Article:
In recent years, a global increase in demand for agricultural commodities and land has contributed to increasing agricultural prices. This trend can be expected to continue in the future, and may result in significantly higher land rents. This paper investigates the potential distributional effects of increasing land rents in land-abundant developing countries from a theoretical viewpoint, and provides historical case examples to support the theoretical propositions. It is proposed that the specific characteristics of a rent-generating natural resource have implications for the concentration of economic and political power and hence the distribution of rents. Specifically, when it comes to agricultural land, the characteristics of land imply that the organizational capacity of farmers is a crucial determinant of the distribution of agricultural rents. The historical case examples indicate that the extent of organizational capacity may be determined by land inequality, the heterogeneity of farmers and the political environment.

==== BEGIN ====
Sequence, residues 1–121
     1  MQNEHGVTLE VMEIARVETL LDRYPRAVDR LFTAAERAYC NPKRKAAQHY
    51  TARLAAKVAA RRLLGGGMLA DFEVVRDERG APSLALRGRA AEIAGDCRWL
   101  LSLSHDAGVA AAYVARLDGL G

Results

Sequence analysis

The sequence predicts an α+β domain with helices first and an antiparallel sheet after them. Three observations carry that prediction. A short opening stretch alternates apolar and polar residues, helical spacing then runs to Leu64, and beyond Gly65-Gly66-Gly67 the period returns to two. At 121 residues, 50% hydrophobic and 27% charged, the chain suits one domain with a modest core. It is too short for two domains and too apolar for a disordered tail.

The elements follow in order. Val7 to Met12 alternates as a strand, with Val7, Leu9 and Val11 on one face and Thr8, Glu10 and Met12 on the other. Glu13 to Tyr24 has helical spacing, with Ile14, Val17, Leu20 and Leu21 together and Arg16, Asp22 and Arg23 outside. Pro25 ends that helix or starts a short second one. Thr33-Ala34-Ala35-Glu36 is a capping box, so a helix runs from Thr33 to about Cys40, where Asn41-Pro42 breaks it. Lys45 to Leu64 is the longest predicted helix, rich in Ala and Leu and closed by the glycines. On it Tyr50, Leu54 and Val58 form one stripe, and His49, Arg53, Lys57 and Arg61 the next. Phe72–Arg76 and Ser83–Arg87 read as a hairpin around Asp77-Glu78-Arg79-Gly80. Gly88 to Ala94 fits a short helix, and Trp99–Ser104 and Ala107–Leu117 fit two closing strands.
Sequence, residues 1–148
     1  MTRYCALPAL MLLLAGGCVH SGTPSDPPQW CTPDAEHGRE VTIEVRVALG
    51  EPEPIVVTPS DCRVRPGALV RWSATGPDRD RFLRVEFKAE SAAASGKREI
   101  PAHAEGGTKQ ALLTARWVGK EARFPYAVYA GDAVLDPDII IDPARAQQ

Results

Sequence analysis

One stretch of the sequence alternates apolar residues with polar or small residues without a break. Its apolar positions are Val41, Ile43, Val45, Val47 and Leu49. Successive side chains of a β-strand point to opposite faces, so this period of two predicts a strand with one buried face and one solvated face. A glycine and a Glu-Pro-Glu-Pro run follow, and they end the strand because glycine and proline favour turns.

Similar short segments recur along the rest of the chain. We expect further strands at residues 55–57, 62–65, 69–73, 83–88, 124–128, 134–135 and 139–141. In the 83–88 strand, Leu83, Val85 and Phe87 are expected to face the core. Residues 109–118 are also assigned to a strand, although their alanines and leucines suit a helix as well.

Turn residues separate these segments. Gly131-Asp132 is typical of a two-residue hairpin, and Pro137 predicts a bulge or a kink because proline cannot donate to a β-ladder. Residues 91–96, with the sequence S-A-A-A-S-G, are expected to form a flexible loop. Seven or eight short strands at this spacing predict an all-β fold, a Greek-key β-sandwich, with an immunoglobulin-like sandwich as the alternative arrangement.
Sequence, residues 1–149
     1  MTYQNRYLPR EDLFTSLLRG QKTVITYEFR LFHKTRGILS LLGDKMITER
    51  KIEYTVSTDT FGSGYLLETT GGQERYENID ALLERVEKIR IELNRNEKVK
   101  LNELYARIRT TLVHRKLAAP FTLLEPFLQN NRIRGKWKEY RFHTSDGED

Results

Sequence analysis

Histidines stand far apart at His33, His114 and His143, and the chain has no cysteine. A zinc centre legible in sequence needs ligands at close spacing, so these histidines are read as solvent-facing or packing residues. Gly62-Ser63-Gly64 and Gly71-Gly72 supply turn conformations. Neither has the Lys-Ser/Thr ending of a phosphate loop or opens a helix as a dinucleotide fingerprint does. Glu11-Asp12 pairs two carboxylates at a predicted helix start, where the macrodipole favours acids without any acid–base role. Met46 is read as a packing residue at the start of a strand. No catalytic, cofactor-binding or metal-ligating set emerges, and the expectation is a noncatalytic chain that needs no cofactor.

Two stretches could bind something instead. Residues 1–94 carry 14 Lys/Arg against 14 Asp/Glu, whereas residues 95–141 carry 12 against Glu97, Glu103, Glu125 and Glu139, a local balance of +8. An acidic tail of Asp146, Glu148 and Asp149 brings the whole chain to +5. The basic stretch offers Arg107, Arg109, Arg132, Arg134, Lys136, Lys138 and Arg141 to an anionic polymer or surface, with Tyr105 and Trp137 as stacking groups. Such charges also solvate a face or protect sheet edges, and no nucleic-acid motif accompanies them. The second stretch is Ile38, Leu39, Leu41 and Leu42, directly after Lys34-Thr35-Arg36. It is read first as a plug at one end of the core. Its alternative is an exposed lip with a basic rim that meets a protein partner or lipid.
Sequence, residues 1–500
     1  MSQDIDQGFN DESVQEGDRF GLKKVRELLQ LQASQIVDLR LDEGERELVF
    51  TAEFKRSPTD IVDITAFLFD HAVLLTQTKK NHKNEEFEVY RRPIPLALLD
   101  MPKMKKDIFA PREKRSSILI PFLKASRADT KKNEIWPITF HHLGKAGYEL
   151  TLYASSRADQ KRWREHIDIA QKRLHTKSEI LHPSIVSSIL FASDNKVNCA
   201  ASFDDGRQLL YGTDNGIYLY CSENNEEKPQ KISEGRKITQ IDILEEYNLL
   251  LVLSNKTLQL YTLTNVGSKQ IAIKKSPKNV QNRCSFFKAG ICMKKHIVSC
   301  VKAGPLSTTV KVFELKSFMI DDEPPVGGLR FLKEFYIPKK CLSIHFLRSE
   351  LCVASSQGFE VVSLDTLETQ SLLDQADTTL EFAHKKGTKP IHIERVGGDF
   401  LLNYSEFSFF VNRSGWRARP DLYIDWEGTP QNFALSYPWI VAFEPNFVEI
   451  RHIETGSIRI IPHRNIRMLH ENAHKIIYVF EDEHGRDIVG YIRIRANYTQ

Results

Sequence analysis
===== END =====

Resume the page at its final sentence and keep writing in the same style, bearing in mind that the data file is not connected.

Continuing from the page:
Journal of Reviews on Global Economics, 2013, Vol 2, p. 375-389